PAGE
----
“But Matt had grabbed Will by the shirtsleeve and waved the shovel in the air to keep Elinor at bay. My brother wouldn’t take anything. He wouldn’t want anything that belonged to you.” – page 44, The Probable Future, Alice Hoffman

The speaker is Matt, for the new paragraph is his (essential for delineating character identity) and the dialogue appears after his action.

“I chucked a few more pebbles. “Well, it isn’t a very good example to us youngsters, is it?”
“What’s that got to do with the price of sliced bread?”
“Eh?” I looked at her. “Pardon?”
“You’re not really trying to tell me that young people today look to their elders for an example, are you, Prentice?”
I grimaced. ‘Well…’ I said.” – page 10, The Crow Road

That final personal pronoun and tag, seem superfluous to needs here. There are plenty of clues dropped as to who the speaker is, from new paragraph alignments at each shift of dialogue, and facial motions.

As with all aspects of characterization, I can’t emphasise enough the power of people-watching. Become self-aware of your own voice and views; keep a close eye on how often they break that fourth wall, so your characters don’t run the risk of becoming your literary proxies. Go out into the world with open ears and notepad/audio recorder at the ready. You never know when a prize bit of dialogue might be dropped.
Most of all – watch for what people don’t say with their mouths, but give away with their feet, their open palms, their darkened eyes.

 photo thecrowroad_zpsdda190c3.jpg

Dedicated to the late Iain Banks – a master of dialogue, and unspoken truths.

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12 Comments

  1. Diane said,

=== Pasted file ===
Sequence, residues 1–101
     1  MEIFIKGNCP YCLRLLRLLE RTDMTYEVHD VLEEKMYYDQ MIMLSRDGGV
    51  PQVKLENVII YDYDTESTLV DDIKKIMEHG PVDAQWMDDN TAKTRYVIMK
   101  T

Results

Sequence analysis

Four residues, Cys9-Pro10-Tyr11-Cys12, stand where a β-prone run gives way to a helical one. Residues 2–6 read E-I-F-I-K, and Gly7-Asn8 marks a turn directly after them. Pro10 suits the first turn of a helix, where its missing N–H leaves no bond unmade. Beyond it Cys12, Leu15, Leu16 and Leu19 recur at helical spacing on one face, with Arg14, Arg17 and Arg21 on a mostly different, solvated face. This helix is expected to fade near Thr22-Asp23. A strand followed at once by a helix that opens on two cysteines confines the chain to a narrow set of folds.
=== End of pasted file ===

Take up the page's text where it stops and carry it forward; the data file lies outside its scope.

Some great information – thank you. I’m new to writing and one of the things I’m realizing is that I must get better at people watching!

  2. Aquileana said,

    Hello Rachel;

    Really a great Post…

    I will try to develop my insights step by step.

    Regarding the unique voice of each author.

    I understand that is the style and even the characterization that define the author’s voice and not strictly the “speaking voices of the characters”

    I can´t avoid thinking about Pirandello´s play “Six Characters in Search of an Author”.
    When characters speak too much, the author just vanishes…

    I believe it is is a matter of balance between the psychology of the characters and the eloquence of these.

    In reference to the “Accent and the Dialect Regional”

    I think it is an essential point that defines the text corpus. This paragraph in your text is very clear to me:

    “These are of course Generalizations, and not one person will sound just like another – origins, historical context and lifestyle, will all factor in”.

    Yet, I don´t consider that regional dialects are a secondary point. In other words, just for being generalziations there are not unimportant, but essential to define the author’s voice and also organic in relation to the plot

    The last point, “the elements paralinguistic features and Subtext”, also seem to give us a key to hear the hidden voice of the author behind the story…